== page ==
Americans are not terribly familiar with Pepper — the robot helper — today, but SoftBank is determined that it will soon conquer U.S. shores with its automated adorableness.
And, having had a test run with a few California-based retailers, SoftBank says Pepper is more than a pretty face — it also boosts the bottom line.
b8ta — a tech shop where Pepper interned for a week in August — reported a 70 percent increase in foot traffic, according to SoftBank. b8ta in Santa Monica saw a 13 percent jump in revenue and a six-fold jump in sales of featured products — both care of Pepper’s December visit.
And Pepper seems to have an effect on more than just tech fans. The Ave, a custom print apparel store on the USC campus, found that using Pepper as a greeter yielded out a three-fold revenue increase — and a foot traffic bump of 20 percent.
Pepper looks like a person, but apart from gesturing and rolling about, its range of physical tasks is limited. Pepper, however, is a great talker that has been programmed to chat, answer questions and give directions. It is described as a similar experience to working with Alexa — except that Pepper is a robot that also sings, dances, lights up and blushes.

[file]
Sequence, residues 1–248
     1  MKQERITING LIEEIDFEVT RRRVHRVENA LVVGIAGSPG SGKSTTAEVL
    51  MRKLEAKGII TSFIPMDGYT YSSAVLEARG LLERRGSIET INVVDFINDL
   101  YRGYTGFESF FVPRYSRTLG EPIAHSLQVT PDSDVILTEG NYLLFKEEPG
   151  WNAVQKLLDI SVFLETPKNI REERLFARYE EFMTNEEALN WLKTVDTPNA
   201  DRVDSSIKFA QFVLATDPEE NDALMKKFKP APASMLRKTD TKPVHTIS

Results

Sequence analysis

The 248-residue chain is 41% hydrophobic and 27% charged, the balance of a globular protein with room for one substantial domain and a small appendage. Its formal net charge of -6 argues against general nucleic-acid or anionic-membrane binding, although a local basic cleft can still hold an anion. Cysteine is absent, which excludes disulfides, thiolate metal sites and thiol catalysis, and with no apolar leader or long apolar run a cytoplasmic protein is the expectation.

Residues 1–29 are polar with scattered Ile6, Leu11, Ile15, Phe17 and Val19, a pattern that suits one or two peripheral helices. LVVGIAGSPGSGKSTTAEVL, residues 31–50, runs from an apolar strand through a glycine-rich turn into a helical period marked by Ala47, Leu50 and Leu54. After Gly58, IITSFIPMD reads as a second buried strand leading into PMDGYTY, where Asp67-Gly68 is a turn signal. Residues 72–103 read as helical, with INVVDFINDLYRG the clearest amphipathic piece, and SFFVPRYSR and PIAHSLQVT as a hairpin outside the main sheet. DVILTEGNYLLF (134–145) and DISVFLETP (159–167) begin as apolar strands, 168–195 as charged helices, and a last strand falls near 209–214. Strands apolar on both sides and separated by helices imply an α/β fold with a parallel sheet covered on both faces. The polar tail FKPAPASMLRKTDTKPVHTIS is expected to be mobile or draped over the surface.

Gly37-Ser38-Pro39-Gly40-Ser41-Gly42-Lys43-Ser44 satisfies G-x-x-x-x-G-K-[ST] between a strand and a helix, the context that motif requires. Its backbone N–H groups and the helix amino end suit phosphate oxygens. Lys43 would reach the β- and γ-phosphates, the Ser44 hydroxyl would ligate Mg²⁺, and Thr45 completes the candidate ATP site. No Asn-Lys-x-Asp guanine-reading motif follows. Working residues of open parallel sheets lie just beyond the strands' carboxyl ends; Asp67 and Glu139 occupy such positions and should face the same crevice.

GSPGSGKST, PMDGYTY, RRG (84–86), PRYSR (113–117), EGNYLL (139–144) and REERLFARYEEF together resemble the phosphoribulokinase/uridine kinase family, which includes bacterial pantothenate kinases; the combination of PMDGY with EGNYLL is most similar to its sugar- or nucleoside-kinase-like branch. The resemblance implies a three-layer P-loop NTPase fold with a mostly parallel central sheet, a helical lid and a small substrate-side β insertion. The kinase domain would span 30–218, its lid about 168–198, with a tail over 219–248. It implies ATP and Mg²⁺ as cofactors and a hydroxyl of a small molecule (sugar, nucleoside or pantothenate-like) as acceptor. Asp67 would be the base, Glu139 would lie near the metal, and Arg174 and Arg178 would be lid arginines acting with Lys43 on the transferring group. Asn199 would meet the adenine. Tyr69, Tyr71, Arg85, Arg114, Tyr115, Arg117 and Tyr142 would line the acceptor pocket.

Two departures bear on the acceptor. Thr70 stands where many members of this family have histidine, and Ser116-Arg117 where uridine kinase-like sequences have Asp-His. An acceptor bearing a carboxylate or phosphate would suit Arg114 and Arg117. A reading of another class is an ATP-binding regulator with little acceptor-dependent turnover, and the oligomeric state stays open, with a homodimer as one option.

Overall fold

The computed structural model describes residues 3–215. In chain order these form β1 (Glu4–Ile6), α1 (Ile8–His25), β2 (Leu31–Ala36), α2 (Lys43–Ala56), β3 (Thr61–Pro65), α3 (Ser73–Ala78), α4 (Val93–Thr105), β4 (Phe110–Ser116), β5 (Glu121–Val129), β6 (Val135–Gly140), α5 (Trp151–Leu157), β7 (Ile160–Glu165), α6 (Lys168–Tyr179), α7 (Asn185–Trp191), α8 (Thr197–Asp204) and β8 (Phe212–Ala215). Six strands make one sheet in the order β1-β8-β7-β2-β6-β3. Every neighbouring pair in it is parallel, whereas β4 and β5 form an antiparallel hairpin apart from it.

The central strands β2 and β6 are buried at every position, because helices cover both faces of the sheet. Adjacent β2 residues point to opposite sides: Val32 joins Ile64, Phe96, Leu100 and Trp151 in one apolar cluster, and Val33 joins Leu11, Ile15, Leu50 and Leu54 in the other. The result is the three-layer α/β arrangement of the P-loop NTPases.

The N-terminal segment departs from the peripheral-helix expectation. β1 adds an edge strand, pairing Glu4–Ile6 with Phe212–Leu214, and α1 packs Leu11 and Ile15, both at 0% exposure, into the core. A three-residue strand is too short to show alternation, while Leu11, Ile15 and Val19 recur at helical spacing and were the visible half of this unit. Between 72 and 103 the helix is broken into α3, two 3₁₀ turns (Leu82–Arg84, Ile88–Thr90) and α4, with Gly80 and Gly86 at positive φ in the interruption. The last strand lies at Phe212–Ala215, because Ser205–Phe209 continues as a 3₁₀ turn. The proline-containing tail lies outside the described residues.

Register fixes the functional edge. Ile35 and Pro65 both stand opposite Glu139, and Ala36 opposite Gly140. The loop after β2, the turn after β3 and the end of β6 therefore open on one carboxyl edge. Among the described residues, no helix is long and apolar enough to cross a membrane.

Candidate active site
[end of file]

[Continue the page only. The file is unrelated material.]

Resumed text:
Plus, if its creators are telling the truth, Pepper is programmed to “get” its users — meaning it responds to tone of voice and can detect human mood.
So far, according to SoftBank, there are 10,000 Pepper bots worldwide — both in professional contexts and living with families in Japan.